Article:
Thanks to the diligent research of Mesilla Valley Preservation, a local home in Mesilla Park is known to have early ties to NMSU and acclaimed southwestern architect Henry C. Trost.
In 1908, W. E. Garrison became President of the New Mexico College of Agriculture and Mechanic Arts, (later becoming NMSU) a post he held until 1913. After he purchased 13.7 acres of land in Mesilla Park from the Bowman family, letters show that Garrison began plans for a large home in 1908, corresponding with Henry C. Trost on its design. Contemporary newspapers indicate that the house was occupied and in use by 1909, hosting a variety of campus parties and functions.
Though it may seem unique and a little out of place in the Mesilla Park area, the house is strikingly consistent with the “Spanish Renaissance” architectural style that Henry Trost developed for the early College buildings of the early twentieth century. In 1928 the house and its grounds became home to the Sisters of Charity of the Good Shepherd, for which the property is best known today.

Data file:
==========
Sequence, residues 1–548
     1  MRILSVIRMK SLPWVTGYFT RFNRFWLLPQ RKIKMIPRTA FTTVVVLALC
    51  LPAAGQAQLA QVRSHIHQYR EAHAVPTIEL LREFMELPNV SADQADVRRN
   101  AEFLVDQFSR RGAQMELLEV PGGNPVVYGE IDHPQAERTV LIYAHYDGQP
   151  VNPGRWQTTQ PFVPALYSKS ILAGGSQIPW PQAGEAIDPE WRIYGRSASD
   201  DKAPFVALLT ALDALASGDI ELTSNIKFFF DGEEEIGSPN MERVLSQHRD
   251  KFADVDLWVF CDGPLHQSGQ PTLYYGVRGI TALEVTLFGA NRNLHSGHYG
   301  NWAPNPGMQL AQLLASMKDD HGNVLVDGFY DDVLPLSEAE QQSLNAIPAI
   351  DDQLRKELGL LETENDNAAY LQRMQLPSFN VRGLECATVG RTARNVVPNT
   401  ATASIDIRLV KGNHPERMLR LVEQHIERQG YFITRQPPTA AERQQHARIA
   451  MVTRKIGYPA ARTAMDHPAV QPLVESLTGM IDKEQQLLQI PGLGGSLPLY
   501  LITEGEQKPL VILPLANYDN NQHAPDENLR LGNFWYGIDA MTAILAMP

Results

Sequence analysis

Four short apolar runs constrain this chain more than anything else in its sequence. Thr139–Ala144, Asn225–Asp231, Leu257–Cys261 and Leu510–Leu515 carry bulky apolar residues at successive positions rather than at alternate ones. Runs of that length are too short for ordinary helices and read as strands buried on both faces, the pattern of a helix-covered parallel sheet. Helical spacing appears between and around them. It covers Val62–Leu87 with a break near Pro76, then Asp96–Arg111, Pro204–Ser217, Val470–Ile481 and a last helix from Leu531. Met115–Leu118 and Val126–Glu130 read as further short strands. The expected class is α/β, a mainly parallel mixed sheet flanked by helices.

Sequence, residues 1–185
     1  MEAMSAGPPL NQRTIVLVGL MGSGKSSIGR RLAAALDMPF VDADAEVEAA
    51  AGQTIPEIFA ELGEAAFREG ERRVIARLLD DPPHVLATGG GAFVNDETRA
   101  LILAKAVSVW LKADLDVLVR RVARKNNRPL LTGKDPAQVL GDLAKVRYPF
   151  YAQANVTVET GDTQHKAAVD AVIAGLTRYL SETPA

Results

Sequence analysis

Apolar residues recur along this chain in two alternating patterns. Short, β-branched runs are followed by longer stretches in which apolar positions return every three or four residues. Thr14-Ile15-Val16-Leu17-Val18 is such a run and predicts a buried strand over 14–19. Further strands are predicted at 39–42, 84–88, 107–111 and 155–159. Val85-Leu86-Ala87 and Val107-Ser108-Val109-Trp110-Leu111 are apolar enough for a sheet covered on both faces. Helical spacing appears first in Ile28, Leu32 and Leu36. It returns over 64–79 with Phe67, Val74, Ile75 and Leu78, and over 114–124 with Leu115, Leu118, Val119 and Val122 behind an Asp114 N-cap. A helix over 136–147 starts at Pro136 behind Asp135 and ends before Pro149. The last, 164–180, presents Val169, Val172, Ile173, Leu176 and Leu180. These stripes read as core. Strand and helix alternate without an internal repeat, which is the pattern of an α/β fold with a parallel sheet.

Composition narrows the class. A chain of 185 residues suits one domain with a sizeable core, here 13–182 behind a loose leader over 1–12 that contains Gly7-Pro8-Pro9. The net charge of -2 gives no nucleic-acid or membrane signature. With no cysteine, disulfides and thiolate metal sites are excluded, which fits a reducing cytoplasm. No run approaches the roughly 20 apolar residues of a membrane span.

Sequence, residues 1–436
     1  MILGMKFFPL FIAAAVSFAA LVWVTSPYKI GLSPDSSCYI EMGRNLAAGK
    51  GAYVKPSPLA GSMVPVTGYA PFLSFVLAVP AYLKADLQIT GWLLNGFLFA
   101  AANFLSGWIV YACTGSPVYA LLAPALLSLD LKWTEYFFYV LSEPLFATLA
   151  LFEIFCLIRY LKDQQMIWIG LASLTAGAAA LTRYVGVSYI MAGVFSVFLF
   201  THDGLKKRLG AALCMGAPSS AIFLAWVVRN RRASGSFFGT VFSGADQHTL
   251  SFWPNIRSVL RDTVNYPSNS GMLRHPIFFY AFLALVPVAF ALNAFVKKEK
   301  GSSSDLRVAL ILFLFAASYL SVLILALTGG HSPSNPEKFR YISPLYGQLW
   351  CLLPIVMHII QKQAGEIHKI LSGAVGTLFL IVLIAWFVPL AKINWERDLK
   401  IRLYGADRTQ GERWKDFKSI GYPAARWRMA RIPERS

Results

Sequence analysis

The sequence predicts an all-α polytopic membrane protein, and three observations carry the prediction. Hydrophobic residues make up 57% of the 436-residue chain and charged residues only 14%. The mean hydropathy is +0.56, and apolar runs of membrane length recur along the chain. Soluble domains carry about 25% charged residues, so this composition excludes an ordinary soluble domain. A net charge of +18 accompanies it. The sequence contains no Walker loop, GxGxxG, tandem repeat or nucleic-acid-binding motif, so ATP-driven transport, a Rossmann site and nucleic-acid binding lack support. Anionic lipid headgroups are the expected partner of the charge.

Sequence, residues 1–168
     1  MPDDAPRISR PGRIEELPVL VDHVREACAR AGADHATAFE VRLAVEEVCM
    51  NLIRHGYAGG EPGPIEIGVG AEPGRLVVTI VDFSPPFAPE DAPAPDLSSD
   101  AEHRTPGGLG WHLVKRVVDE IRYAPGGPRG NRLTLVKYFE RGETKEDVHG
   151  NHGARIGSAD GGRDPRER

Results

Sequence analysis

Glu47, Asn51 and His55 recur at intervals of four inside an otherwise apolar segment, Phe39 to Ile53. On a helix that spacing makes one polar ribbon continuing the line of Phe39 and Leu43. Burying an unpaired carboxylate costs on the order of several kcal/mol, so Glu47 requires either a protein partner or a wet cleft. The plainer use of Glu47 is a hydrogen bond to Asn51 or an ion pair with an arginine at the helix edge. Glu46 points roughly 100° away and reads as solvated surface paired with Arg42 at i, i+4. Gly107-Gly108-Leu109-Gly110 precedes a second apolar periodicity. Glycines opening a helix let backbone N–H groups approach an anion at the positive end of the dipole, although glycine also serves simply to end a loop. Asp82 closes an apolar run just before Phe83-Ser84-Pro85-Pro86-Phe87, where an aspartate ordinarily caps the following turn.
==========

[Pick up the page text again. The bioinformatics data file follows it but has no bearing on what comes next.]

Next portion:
Visionary designer Henry C. Trost was a contemporary of Frank Lloyd Wright, and both worked with and were influenced by Chicago architect Louis Sullivan. Mesilla Valley Preservation has been active in researching both surviving and lost Trost & Trost architecture seeking proof of attribution. Unfortunately, while many communities have capitalized on their Trost & Trost architecture, many buildings by the firm in the Mesilla Valley have remained obscure or have been lost to demolition.
Source: Eric Liefeld and The Dona Ana County Historical Society